I visited her large house in the best part of Mayfair, and, over lunch, heard about their big estate in the West Country and their pile in Majorca, finding it hard to take my mind back to the weedy, runny-nosed little girl I knew when she was ten.

Their three homes employ 25 staff in total. Which means there are often some sort of staff problems.

How awful, I do feel sorry for you, must be terrible. It’s not easy having money, I said, managing somehow to keep back the fake tears.

Afterwards, I thought about our richest football teams – Man City, Man United and Chelsea. It’s not easy being rich like them, either.

In football, there are three reasons you have to spend the money. First of all, because you can. You have untold wealth, so you gobble up possessions regardless of the cost, and regardless of the fact that, as at Man United, you already have six other superstars playing in roughly the same position. You pay over the odds, as with Pogba, who is the most expensive player in the world, even though any halfwit knows that Messi and Ronaldo are infinitely more valuable. It leads to endless stresses and strains and poor old Wayne sitting on the bench.

Obviously, you are hoping to make the team better, and at the same time have the luxury of a whole top-class team sitting waiting on the bench, who would be desired by every other club in Europe. But the second reason you spend so wildly is the desire to stop your rivals buying the same players. It’s a spoiler tactic.

Third, there’s a very modern and stressful element to being rich in football, and that’s the need to feed the brand. Real Madrid began it ten years or so ago with their annual purchase of a galáctico. You have to refresh the team with a star name regularly, whatever the cost, if you want to keep the fans happy and sell even more shirts round the world each year.

You also need to attract PROUD SUPPLIERS OF LAV PAPER TO MAN CITY or OFFICIAL PROVIDER OF BABY BOTTLES TO MAN UNITED or PARTNERS WITH CHELSEA IN SUGARY DRINK. These suppliers pay a fortune to have their product associated with a famous Premier League club – and the club knows that, to keep up the interest, they must have yet another exciting £100m star lined up for each new season.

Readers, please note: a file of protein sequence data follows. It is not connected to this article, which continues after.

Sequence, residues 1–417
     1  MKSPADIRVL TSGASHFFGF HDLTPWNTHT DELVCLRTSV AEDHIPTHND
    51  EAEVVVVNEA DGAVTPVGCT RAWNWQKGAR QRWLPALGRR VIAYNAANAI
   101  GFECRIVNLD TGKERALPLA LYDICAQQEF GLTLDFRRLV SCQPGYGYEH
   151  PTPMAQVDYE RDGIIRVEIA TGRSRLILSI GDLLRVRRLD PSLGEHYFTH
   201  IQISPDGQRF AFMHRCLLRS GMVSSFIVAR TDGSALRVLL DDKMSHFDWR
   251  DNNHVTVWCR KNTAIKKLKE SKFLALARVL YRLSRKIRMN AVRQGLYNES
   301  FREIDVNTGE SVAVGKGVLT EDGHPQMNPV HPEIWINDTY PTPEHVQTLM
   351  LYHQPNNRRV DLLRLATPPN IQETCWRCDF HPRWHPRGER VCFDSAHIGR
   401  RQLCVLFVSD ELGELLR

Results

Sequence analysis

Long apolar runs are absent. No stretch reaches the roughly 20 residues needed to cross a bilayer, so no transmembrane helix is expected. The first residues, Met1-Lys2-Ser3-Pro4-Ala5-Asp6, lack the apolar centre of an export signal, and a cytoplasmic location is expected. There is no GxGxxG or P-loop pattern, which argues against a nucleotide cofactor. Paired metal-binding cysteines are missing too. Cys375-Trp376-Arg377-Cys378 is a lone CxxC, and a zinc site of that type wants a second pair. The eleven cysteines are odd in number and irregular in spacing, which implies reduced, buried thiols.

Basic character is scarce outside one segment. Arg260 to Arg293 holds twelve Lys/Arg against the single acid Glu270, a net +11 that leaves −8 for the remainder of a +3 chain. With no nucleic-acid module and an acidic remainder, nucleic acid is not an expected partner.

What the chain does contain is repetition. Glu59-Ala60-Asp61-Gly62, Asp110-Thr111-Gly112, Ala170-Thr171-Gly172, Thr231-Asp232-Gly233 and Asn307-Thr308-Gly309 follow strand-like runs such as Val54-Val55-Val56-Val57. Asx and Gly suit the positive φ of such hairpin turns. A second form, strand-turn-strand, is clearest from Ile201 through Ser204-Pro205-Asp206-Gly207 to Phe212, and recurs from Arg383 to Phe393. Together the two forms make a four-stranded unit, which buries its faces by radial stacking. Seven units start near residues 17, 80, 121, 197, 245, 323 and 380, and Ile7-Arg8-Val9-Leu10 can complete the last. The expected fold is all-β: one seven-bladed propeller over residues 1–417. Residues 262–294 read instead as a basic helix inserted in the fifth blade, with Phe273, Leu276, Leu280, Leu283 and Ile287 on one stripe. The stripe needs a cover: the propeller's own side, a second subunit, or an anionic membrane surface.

So, you can see what strains and stresses having mega money gets them into, trying to balance all these needs and desires. The manager will get the blame in the end when things start to go badly on the pitch, despite having had to accommodate some players he probably never craved. If you’re rich in football, or in most other walks in life, you have to show it, have all the required possessions, otherwise what’s the point of being rich?

One reason why Leicester did so well last season was that they had no money. This forced them to bond and work hard, make do with cheapo players, none of them rubbish, but none the sort of galáctico a super-Prem club would bother with.

Leicester won’t repeat that trick this year. It was a one-off. On the whole, the £100m player is better than the £10m player. The rich clubs will always come good. But having an enormous staff, at any level, is all such a worry for the rich. You have to feel sorry . . .

Hunter Davies’s “The Beatles Book” is published by Ebury

Hunter Davies is a journalist, broadcaster and profilic author perhaps best known for writing about the Beatles. He is an ardent Tottenham fan and writes a regular column on football for the New Statesman.

This article first appeared in the 29 September 2016 issue of the New Statesman, May’s new Tories